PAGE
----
The Making of the Canadian Legal Profession: A Hybrid Heritage

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International Journal of the Legal Profession


Lawyers; Law--History; Canada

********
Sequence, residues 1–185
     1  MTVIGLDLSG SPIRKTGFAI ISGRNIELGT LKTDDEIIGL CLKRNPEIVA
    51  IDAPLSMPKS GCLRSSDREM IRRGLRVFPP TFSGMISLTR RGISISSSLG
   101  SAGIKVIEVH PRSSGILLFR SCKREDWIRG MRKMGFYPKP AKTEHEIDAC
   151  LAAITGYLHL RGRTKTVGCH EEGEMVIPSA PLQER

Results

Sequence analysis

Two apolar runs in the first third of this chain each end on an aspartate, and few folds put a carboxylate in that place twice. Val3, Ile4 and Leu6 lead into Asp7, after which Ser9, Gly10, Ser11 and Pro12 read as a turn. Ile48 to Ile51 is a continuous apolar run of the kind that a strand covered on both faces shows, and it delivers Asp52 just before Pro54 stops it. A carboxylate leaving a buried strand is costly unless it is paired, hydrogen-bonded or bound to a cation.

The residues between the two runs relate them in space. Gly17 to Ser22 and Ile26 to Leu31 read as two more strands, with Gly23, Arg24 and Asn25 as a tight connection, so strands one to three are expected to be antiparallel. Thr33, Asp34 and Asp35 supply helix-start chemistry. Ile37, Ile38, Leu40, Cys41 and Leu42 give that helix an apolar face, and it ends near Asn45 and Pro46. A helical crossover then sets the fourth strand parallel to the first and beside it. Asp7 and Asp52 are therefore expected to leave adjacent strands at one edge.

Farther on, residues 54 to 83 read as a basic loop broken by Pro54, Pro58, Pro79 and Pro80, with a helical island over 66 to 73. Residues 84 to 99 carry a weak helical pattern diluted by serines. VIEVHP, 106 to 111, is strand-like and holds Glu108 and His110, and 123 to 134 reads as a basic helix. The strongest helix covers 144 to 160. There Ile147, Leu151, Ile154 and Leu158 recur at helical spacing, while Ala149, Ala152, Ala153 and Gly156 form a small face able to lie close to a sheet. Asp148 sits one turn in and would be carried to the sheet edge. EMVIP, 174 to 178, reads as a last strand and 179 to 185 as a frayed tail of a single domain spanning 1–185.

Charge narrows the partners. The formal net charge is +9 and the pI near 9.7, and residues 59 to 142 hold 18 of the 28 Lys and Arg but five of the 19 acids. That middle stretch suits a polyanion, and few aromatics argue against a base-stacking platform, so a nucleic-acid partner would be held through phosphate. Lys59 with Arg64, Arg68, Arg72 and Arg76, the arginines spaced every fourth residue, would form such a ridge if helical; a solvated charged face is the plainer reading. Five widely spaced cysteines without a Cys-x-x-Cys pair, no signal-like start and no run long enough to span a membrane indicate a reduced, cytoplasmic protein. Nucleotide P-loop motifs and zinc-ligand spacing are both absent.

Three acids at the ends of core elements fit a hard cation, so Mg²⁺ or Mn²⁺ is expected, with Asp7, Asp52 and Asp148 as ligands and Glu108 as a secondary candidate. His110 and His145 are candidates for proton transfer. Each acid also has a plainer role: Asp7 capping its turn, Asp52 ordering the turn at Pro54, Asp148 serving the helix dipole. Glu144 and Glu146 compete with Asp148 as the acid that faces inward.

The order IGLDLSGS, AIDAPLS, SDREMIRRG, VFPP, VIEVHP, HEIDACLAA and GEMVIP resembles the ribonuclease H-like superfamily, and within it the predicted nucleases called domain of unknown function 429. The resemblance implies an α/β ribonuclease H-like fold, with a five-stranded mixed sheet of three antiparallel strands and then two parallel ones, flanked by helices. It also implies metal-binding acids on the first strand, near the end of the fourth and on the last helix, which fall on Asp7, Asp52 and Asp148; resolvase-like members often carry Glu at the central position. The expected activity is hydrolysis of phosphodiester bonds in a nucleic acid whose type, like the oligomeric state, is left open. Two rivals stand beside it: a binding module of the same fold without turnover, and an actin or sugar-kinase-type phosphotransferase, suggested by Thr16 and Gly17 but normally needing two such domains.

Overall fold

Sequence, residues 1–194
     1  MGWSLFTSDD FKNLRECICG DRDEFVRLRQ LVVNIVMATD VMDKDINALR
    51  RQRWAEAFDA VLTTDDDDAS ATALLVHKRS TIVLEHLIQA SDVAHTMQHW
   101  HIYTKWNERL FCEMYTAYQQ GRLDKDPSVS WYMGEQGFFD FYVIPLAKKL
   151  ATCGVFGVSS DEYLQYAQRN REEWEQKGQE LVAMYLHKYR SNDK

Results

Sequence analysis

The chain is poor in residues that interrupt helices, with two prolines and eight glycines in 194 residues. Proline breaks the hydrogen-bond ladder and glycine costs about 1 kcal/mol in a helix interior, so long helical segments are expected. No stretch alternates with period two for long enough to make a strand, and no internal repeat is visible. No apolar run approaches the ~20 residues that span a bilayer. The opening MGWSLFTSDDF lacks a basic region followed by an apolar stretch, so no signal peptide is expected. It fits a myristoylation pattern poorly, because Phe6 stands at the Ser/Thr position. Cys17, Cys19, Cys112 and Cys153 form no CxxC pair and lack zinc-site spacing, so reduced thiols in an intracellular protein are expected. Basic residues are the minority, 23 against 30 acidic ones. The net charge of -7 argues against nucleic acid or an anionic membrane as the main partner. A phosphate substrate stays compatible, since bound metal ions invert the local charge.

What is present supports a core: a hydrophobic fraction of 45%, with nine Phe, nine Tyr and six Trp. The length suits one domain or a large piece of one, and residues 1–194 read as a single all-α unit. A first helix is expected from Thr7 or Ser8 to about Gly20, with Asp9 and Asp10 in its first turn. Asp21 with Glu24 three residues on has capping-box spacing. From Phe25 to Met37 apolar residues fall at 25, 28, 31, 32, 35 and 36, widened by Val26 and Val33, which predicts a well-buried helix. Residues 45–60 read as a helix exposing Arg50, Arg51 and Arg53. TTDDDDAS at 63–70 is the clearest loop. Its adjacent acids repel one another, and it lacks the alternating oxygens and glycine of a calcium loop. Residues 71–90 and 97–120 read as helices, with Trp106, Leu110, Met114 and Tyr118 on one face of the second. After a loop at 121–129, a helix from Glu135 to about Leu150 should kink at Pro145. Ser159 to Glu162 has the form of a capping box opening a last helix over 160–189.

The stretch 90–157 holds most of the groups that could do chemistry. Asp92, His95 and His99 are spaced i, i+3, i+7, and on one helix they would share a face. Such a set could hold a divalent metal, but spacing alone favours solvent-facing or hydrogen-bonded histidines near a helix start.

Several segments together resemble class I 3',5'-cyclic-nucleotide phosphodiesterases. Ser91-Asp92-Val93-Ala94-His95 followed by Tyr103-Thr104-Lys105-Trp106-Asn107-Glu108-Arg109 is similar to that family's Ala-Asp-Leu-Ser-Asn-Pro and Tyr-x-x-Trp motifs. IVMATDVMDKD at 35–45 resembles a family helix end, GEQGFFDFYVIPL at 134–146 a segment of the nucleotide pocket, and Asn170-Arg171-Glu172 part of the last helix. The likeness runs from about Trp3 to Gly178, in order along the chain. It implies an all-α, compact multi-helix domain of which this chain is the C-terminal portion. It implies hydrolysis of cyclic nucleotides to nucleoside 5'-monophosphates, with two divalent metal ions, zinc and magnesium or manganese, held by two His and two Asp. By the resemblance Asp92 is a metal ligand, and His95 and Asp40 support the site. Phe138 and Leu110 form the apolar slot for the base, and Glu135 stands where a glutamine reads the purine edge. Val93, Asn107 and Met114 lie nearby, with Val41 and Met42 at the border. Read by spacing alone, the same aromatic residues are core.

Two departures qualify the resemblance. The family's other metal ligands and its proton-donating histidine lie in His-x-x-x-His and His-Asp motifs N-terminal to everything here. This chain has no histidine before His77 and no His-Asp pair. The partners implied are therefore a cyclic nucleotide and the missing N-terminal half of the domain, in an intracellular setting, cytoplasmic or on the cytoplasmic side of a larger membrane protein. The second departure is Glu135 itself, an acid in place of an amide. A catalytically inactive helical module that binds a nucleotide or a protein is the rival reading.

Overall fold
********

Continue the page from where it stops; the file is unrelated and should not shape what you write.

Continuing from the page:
The Canadian legal profession emerged from the confluence of two distinct traditions: the American and the English. The colonies of British North America followed the pre-revolutionary American model of a unified legal profession, according to which all lawyers could practice as barristers and solicitors. American and Canadian lawyers pursued a client- and market-driven, eclectic type of practice that was receptive to innovations – such as the large law firm, the contingency fee, and university legal education – that were strongly resisted in England. On the governance side, however, Canadian lawyers created an indigenous but English-inflected model whereby professional self-governance was delegated to a statutorily-created body that had the power to compel all lawyers to join if they wished to practice law. With their commitment to client-centered service and strong governance, Canadian lawyers long enjoyed a cooperative and productive relationship with provincial governments, unlike the adversarial one characteristic of the United States or the long benign neglect of the legal professions by the English state. It is argued that this historical pattern may help to explain the continuing strength of the self-governance model in Canada at a time when it is being questioned and radically reformed elsewhere in the common law world.


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